Elevating From Consumer To Mission Critical Value

“Elevating From Consumer To Mission Critical Value” with Brian Cox, Senior Director of Marketing for Enterprise Solutions, SanDisk

By Clara Kuo

March 2014 Event

High tech companies – just like people – are often are trying to reinvent themselves, and often the change is seen as necessary to stay relevant in the marketplace.

Brian illustrated how SanDisk has been able to reinvent the company to expand its consumer products to include key focus on the “mission critical” enterprise business market. SanDisk, Cox pointed out, is well known for its Cruzer USB sticks and camera SSDs, but the need for these products is changing, and SanDisk is a strong case study for becoming an enterprise business.

Cox started by reflecting on companies who have done this successfully, while others were challenged.

Intel vs. Nokia
Back in 1969, Intel created their first microprocessor, the 4004, which was used to for a consumer product: a desktop calculator. Today, Intel has successfully been built into an IT enterprise business. Another example – Nokia is known for its personal cell phone business, but few realize that they attempted to launch a line of security appliances. Few would be familiar (except for those in the room that worked for Nokia) that the new enterprise product didn’t meet expectations and was eventually sold to Checkpoint. In certain ways, the Nokia strategy informed Cox about what could be different or a better way for SanDisk to approach their enterprise strategy.

There are Fundamental Differences between Consumer and Enterprise
Cox argued that consumer and enterprise products require completely different types of marketing approaches and could not be treated the same. Consumer products are typically based on an impulse purchases, and the focus is on how quickly products can be built and shipped.

Enterprise products are more strategic. To elevate a consumer product to a mission critical enterprise business, Cox pointed out, “is unique in that it is just as much about the sales organization as it is about the product. It requires support by field engineers, training and integration. Sales cycles and demand generation are long. It requires a different level of investment and infrastructure.”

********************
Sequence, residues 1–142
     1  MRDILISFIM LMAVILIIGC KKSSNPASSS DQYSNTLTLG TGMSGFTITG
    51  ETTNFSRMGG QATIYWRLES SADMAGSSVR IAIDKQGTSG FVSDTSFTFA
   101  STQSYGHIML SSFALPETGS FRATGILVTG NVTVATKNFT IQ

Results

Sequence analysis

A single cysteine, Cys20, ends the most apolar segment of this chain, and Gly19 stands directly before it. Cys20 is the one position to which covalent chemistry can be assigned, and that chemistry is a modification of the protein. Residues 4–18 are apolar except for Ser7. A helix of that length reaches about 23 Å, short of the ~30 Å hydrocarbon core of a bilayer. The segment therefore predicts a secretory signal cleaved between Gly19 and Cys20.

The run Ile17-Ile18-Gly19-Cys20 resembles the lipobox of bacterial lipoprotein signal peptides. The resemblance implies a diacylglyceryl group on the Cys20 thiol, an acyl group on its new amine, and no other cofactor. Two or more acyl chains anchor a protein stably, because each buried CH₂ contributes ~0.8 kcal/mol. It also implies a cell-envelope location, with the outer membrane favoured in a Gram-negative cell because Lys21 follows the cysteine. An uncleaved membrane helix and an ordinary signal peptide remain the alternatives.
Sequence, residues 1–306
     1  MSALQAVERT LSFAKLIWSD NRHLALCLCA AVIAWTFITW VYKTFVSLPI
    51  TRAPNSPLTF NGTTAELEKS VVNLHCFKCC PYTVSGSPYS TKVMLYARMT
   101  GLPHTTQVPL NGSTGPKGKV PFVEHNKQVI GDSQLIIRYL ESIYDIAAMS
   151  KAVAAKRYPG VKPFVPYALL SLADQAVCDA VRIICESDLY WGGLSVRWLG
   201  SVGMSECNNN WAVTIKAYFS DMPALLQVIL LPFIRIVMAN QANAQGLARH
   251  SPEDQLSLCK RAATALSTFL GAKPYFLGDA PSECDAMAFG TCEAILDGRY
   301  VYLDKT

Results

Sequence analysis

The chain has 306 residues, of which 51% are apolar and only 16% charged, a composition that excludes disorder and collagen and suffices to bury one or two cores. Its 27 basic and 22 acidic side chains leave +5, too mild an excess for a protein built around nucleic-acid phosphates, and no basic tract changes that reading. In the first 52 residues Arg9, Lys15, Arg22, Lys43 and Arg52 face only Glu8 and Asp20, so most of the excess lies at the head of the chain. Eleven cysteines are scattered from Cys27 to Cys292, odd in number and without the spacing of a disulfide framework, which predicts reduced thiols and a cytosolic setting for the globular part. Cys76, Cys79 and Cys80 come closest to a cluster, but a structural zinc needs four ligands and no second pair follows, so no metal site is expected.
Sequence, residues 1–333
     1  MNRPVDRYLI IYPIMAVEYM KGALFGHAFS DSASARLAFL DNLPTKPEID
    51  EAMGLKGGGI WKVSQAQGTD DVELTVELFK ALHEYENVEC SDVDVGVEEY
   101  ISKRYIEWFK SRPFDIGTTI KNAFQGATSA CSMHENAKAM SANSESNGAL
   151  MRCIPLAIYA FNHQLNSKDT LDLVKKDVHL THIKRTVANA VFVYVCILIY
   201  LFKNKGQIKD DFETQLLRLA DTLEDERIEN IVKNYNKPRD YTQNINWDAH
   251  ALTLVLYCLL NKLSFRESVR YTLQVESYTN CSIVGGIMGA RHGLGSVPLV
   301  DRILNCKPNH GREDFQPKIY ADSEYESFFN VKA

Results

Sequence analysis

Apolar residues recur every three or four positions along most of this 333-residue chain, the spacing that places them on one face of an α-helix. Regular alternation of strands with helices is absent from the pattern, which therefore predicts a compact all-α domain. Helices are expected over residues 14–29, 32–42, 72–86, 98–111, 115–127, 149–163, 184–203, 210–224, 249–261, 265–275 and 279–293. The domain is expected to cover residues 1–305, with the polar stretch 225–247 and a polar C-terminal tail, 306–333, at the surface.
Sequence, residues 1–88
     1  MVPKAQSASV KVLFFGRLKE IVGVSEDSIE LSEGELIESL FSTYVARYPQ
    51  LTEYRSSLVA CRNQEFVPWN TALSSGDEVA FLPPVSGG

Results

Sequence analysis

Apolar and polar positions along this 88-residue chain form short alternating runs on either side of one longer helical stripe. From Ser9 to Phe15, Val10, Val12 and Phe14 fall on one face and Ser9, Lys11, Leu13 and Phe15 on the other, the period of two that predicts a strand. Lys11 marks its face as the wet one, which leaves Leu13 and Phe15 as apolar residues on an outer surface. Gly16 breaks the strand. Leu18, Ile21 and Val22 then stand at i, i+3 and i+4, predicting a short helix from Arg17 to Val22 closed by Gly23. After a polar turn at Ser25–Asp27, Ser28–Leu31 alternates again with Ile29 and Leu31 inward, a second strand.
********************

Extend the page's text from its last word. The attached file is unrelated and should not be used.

So how does SanDisk extend their products to enterprise IT? In his presentation, Cox reviewed important aspects of going back to basics as well as 8 key tips for success.

Go back to basics – SanDisk’s Market Assessment as a Case Study

Cox stressed basic marketing practices: who, how, where, why, what and when. A close look at customer behaviors and taking into account the over-arching marketing strategy will yield a strong payoff. Here’s how SanDisk evaluated their market for opportunities.

1. Understand who the buyers and influencers are.
In SanDisk’s case, instead of the traditional model where OEMs make the choice on a product and then sell to the end user, they focused on influencing the end user so that they would demand SanDisk product and push the OEM to purchase.

2. Focus on brand to reach the customer
It made the most sense for SanDisk to focus on brand strategy to develop credibility in the enterprise market. While SanDisk has a very well known presence in the market as a consumer leader, few were aware of the new enterprise products, so Cox and his team needed to inform the market of the offering.

3. Why do customers buy? What are their pain points?
After looking at specific segmented groups of the market, the team looked at the needs of each of these buyers. For example, a data center manager most likely does not want to be woken up in the middle of the night because of a server crash. Thinking about what bothers users the most on a human level will make the product all the more valuable.

4. What Information do Buyers Need to Buy
In a B2B marketplace, the buyer needs information to make a sound decision. It’s not enough to simply target the buyers, but influencers must be involved as well. In this case, Cox and his team used Tech Buyer Intelligence Reports to evaluate areas where they had control, and it is only these levers of control that were prioritized.

5. When to Pursue Customers
Cox stressed the importance on focusing in on a few, critical solutions, where customers have enough pain and enough money. Another consideration for SanDisk was the geographic locations. Cox said that initially, expanding their markets in China seemed intriguing at first, but since they had no salesforce and other necessary resources, it made more sense to begin in the US market. “Achieve success, then expand,” Cox said.